Women played an important role in the life of the Qajar monarchs. Fatḥ-ʿAli Shah and Nāṣer-al-Din Shah, in particular, kept a large harem.

  • ḪARḪAR

    Inna Medvedskaya

    a land and a city at the western border of Media. It was taken several times by the Assyrian kings Shalmanaser III (r. 860-825 BCE) and Adad-nerari III (r. 812-782).

  • HARI RUD

    Cross-Reference

    See Supplement.

  • ḤARIRA

    Etrat Elahi

    a very light and diluted Persian dish made of fine wheat flour or wheat starch, or with rice flour or rice powder.

  • HARISA

    Etrat Elahi

    a cooked dish made from a mixture of grains, usually half-ground wheat and barley, and meat, usually lamb and more recently sometimes beef.

  • HARKARN DĀS KANBŌH

    S.H. Qasemi

    the first Hindu author of a Persian work, Eršād al-ṭālebin, commonly known as Enšāʾ-e Harkarn, a collection of documents and model letters.

  • HARKI

    Pierre Oberling

    (Herki), a Kurdish tribe of western Azerbaijan, eastern Anatolia, and northeastern Iraq.

  • HARP

    Bo Lawergren

    (čang), a string instrument which flourished in Persia in many forms from its introduction, about 3000 BCE, until the 17th century.

    This Article Has Images/Tables.
  • HARPAGOS

    Muhammad A. Dandamayev

    a Median magnate and the trusted advisor of the last Median king Astyages, In 550 BCE, during the war between the Medes and Persians, Harpagosdefected to support Cyrus II.

  • ḤARRĀN

    C. E. Bosworth

    an ancient town of Upper Mesopotamia, now located in the modern Turkish province of Diyarbakir approximately 40 km/25 miles south-southeast of Edessa, or Urfa.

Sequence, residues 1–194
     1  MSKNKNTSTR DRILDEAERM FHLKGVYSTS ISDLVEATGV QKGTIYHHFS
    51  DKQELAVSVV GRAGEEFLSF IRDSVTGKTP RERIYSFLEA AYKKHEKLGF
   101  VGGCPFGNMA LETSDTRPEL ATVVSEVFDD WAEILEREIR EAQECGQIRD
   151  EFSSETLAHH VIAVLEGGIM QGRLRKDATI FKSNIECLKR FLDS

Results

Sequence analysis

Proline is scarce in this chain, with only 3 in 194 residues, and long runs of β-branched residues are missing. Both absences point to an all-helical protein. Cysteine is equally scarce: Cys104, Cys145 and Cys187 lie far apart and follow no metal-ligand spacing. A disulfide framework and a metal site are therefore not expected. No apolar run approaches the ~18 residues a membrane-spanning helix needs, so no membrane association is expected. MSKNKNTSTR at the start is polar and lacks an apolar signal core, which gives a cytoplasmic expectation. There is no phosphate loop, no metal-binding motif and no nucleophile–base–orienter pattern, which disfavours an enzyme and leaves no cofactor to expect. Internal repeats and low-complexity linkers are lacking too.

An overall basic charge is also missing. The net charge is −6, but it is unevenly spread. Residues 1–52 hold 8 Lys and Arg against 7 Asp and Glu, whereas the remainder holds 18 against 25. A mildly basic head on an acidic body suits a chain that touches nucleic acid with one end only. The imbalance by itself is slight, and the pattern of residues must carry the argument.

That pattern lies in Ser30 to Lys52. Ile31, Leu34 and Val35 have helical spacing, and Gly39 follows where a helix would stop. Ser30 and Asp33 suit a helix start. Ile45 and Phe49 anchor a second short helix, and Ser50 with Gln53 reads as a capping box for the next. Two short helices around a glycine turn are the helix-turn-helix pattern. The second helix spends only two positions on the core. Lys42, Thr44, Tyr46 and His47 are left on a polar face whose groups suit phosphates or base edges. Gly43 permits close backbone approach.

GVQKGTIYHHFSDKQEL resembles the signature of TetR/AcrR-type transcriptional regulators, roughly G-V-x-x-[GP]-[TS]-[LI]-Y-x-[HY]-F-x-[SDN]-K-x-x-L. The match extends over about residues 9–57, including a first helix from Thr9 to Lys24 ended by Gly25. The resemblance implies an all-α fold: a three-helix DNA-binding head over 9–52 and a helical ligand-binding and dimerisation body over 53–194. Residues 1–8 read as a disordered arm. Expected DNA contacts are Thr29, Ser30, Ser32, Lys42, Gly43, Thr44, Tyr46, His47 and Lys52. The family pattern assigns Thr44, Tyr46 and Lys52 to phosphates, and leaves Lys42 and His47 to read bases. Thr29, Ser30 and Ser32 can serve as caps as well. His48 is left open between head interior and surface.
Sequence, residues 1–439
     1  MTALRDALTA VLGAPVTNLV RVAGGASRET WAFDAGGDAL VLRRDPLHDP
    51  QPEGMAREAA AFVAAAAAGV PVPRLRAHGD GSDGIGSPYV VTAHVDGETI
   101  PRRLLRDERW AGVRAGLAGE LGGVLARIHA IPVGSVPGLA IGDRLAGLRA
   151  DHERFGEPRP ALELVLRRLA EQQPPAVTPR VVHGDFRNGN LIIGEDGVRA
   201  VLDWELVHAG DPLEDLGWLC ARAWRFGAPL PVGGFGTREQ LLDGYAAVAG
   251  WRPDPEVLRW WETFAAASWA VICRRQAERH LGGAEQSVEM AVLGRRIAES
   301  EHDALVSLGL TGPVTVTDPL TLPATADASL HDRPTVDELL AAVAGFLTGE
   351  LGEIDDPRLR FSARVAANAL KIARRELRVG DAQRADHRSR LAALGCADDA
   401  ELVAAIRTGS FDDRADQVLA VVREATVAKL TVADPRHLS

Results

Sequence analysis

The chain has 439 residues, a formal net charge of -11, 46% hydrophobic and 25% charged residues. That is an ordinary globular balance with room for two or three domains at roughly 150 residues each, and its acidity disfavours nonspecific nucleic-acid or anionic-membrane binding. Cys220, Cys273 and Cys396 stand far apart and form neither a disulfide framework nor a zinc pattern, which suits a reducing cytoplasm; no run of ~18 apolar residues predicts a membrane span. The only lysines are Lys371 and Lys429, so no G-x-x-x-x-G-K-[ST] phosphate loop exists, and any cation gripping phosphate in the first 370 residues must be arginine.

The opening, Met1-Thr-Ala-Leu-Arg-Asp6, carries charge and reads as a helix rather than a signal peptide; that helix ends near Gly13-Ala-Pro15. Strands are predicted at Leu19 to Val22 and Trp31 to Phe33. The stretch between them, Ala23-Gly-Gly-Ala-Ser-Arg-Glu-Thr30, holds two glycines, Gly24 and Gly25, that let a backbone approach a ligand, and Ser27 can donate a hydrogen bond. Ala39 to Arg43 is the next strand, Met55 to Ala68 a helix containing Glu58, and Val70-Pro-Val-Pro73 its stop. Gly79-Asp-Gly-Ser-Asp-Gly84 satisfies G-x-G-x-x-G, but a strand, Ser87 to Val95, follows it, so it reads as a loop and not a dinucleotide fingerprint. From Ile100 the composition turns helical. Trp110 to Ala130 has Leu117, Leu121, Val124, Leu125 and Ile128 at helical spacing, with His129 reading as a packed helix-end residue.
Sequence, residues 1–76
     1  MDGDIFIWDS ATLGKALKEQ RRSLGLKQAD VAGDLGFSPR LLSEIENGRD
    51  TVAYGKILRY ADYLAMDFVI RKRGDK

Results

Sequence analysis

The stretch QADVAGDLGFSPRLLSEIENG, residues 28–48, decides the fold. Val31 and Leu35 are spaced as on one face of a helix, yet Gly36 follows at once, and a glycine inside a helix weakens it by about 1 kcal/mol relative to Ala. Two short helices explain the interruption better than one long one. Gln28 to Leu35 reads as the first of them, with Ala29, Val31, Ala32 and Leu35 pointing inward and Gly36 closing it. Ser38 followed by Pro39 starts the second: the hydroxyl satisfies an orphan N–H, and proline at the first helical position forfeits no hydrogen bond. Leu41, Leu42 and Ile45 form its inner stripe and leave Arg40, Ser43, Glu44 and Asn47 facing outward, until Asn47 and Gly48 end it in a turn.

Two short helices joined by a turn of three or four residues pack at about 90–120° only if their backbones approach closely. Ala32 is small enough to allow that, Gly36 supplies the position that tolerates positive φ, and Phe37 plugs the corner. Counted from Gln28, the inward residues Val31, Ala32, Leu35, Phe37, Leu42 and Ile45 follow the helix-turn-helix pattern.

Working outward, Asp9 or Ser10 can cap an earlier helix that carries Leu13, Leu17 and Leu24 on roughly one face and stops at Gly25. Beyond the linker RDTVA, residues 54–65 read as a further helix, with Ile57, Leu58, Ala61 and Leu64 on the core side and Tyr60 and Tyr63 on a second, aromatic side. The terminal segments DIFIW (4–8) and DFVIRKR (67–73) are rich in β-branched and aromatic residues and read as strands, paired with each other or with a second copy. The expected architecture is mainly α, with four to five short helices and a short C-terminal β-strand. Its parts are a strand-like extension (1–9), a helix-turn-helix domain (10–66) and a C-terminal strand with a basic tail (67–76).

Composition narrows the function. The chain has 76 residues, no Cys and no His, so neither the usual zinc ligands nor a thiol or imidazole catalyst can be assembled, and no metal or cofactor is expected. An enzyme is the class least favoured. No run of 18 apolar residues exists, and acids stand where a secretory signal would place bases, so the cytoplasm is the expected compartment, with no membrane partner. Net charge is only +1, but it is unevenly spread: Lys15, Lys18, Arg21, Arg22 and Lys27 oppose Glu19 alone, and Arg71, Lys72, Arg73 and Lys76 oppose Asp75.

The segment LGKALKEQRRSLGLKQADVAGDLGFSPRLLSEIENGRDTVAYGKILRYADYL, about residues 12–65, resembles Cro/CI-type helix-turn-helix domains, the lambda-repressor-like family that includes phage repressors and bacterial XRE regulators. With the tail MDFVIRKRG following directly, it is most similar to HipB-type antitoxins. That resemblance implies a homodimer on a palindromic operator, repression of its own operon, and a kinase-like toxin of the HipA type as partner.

• HARRIMAN MISSION

    Fakhreddin Azimi

    The American diplomat W. Averell Harriman was sent to Tehran in July 1951 to mediate between Persia and Great Britain after Persian nationalization of the Anglo-Iranian Oil Company.

  • HARTNER, WILLY

    A. Panaino

    (1905-1981), professor of the History of Sciences specializing in astronomy,  author of many works devoted to Oriental studies, including ancient Persian calendar systems.

  • HĀRUN AL-MONAJJEM

    David Pingree

    (d. 987), astronomer, astrologer, and Hadith expert.

  • HĀRUN AL-RAŠID

    C. Edmund Bosworth

    , HĀRUN B. MOḤAMMAD B. ʿABD-ALLĀH (d. 809), the fifth caliph of the ʿAbbasid dynasty (r. 786-809), the third son of the caliph al-Mahdi.

  • HĀRUN B. ALTUNTAŠ

    C. E. Bosworth

    son of a Turkish slave commander of Maḥmud of Ghazna who served as governor in Kᵛārazm 1032-35, first for the Ghaznavids, and then as an independent ruler.

  • HĀRUN WELĀYAT

    cross-reference

    See ISFAHAN x. MONUMENTS.

  • HĀRUT and MĀRUT

    A. Shapur Shahbazi

    two fallen angels who taught mankind magic in Babylon, mentioned once in the Koran. Their names derive from the Zoroastrian Ḵordād and Amurdād, two of the Aməša Spəntas.

  • HARZANI

    Cross-Reference

    See Supplement.

  • ḪARZIANU

    I. N. Medvedskaya

    a city and a district in Media, mentioned in the Assyrian texts of the time of Sargon II (r. 722–705 BCE).

  • ḤASAB O NASAB

    Louise Marlow

    term used in Arabic and New Persian literature to express complementary aspects of the concept of nobility. 

  • ḤASAN II

    Farhad Daftary

    , ʿALĀ ḎEKREHE’L-SALĀM, Nezāri Ismaʿili Imam and the fourth ruler of Alamut (1162-66). The most important event of his brief reign was his declaration of the qiāma (the Resurrection).

  • ḤASAN B. ʿABD-AL-MOʾMEN

    Tahsin Yaziçi

    full name: ḤASAN B. ʿABD-AL-MOʾMEN, ḤOSĀM-AL-DIN ḴOʾI, 13th-century scribe, poet, and lexicographer from Azerbaijan.

  • ḤASAN B. ʿABD-ALLĀH

    cross-reference

    B. AL-MARZOBĀN AL-SIRĀFI. See SIRĀFI, ABU SAʿID ḤASAN.

  • ḤASAN B. ʿALI AL-ʿASKARI

    cross-reference

    See ʿASKARI, ḤASAN B. ʿALI.

  • ḤASAN B. ʿALI AL-QOMMI

    David Pingree

    , ABU NAṢR, astrologer of the late 10th century.